Summary: This message looks at Psalm 90 and Moses’ advice on how to live a life that counts. It’s a revolutionary way of making New Years resolutions.
The ball is going to be dropping in Times Square in just a few days. And 100 million Americans will head down a well-traveled path
We’re frustrated by our bad habits, by our bad choices. So, we vow to change things. We make New Year’s resolutions. We says, “This year, I’m dieting or exercising regularly or quitting smoking for good.” But by May, the stair stepper you bought is gathering dust in the closet, the diet books are sitting on the shelf unread, and the cigarettes still are in your back pocket. So, we quit. We give up.
Making resolutions is the easy part. A recent survey by psychologists at the University of Washington, found most people keep their #1 resolution for only two months. So how can we do better? God has a better idea. I call it…
Text: Psalm 90
Out of 150 chapters in the book of Psalms, this was the only one written by Moses – the man who God used to write the first five books of the Bible. He’s worth listening to!
Moses led God’s people from Egypt. You might remember that they were in the wilderness for 40 years. Moses saw a whole generation die. And at the end of his life, he sits down and writes. He has some observations to make.
Maybe you feel like you’ve been in the wilderness this past year.
The key verse is verse 17. And it ends this way in one translation:
Give permanence to the work of our hands.
If you want to leave a legacy, listen up. If you want your life to count after you are dead and gone, pay attention.
1. Get a God’s eye view. vv. 1-2
In verses 1 and 2, Moses is looking at God. He’s reminding us that God alone is eternal.
Lord, you have been our dwelling place in all generations. Before the mountains were brought forth, or ever you had formed the earth and the world, from everlasting to everlasting you are God.
Look at the mountains. He says, ‘Lord, even before the mountains existed, You were. And after they return to rubble, You still will be.”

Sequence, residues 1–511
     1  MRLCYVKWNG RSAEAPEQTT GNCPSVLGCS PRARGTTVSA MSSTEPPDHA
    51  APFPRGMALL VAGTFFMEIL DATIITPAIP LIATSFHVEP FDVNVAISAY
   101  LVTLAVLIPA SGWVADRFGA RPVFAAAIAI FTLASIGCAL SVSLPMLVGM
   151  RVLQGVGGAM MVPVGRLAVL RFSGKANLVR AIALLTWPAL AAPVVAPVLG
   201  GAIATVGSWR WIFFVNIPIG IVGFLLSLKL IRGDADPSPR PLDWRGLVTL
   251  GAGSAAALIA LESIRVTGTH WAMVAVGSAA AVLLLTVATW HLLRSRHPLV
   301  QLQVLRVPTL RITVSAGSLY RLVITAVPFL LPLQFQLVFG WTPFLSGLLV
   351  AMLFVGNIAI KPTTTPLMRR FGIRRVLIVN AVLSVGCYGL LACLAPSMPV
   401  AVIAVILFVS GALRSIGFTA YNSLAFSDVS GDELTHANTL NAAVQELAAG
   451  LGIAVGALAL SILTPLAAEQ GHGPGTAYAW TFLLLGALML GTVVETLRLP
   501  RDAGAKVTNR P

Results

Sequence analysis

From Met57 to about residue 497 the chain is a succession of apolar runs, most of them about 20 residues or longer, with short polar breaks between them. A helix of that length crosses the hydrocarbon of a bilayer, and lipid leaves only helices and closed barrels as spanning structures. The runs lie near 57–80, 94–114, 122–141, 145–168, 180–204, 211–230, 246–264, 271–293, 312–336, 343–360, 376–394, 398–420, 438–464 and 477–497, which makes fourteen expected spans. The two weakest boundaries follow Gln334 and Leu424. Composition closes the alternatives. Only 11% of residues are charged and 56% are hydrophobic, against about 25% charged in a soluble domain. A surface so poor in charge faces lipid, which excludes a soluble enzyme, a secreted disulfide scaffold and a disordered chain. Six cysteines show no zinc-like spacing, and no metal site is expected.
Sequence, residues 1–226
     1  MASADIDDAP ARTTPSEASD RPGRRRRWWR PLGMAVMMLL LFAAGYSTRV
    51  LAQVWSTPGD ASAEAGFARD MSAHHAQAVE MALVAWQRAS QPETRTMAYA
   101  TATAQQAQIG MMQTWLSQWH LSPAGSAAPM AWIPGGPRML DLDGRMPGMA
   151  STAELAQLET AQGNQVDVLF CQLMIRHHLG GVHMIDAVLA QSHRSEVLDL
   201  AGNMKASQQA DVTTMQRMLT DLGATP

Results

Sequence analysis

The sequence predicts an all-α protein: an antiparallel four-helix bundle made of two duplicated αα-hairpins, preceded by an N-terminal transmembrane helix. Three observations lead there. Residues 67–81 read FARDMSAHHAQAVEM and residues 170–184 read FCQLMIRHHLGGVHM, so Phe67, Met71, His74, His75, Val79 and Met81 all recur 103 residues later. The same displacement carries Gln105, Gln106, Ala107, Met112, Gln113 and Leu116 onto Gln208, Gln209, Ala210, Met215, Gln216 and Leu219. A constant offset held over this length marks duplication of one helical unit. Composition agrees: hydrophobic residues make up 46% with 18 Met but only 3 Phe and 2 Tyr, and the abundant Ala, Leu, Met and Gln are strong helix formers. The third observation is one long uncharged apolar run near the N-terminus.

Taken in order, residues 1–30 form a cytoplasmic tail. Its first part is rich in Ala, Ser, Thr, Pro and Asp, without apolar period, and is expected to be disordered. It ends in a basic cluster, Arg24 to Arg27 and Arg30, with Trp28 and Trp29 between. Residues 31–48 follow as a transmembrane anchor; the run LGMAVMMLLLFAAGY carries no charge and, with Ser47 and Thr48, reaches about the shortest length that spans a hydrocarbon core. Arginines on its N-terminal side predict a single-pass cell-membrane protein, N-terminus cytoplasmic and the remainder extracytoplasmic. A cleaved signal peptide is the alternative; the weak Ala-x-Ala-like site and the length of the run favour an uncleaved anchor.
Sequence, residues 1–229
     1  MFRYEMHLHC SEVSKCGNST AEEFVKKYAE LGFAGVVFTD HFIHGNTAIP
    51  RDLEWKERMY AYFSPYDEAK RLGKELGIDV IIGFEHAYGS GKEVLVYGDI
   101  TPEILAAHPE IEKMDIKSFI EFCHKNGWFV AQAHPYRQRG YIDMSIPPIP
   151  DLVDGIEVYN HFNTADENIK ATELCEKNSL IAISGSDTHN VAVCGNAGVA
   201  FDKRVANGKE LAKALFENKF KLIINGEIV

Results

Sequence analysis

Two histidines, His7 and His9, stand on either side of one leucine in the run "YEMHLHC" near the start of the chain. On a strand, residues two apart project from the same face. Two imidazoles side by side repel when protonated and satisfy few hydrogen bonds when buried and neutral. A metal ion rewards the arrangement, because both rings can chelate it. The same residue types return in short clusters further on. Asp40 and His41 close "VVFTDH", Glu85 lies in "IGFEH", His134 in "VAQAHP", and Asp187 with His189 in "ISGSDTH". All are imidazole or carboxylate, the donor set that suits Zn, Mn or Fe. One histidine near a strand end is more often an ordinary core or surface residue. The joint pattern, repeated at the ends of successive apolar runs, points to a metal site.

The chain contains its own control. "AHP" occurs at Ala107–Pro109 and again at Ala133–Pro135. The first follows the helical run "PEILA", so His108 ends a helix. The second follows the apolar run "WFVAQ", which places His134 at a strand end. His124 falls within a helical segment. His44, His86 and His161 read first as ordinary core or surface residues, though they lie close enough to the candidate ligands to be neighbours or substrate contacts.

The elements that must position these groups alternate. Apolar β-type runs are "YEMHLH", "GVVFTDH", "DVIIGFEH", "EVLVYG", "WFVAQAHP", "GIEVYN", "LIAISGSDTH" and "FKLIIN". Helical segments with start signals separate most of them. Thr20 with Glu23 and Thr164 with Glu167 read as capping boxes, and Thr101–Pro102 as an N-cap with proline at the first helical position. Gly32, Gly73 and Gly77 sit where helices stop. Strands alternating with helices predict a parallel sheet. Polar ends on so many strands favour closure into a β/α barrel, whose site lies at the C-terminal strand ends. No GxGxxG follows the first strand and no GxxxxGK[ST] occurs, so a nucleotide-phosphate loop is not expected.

This is Moses’ way of saying, “It’s not about us. It’s about God.” Life begins and ends with Him.
If you want to find out what to do with your time, look to the one who is not time-bound. God is not a recent invention. He’s been there from forever and will be around forever.
2. Remember, life is short. vv. 3-6
After Moses looks at God, he looks at us. God is eternal and we are temporary. This is a lesson in contrasts. God is infinite. We are finite. Look at verse 3:
You return man to dust and say, "Return, O children of man!"
Moses wrote Genesis. He knew we came from dust and we are headed back to dust. Verse 4.
For a thousand years in your sight are but as yesterday when it is past, or as a watch in the night.
Moses wrote about a man named Methuselah. He lived 969 years. But even the longest life lived is like a yesterday to God. Verse 5.
You sweep them away as with a flood; they are like a dream…
A flood comes suddenly. No one is safe who is in the path of a flood. Everyone is devastated. Verses 5b-6
… like grass that is renewed in the morning: In the morning it flourishes and is renewed; in the evening it fades and withers.
In the near east, little flowers would spring up in the morning. New growth represents new life, hope, optimism. But in the heat of the day, the flowers fade. Our lives are like that. We are fading away.
3. Remember, sin makes you sigh. vv. 7-11
Why is life so short? It’s our sin that has shortened our lives.
For we are brought to an end by your anger; by your wrath we are dismayed. You have set our iniquities before you, our secret sins in the light of your presence.
When God made Adam and Eve, they weren’t meant to die. God told them, “Don’t eat of this tree. Because in the day you eat of it, you shall surely die.” They disobeyed God and they died. We’ve been dying ever since.
Sin blocks God’s blessing from your life. It activates His anger. And sin brings about death. Romans 3:23 says, “The wages of sin is death.” Now, if sin brings about death, what does death bring?
For all our days pass away under your wrath; we bring our years to an end like a sigh.
The NIV says, “We end our years with a moan.” Sin brings death and death brings a sigh.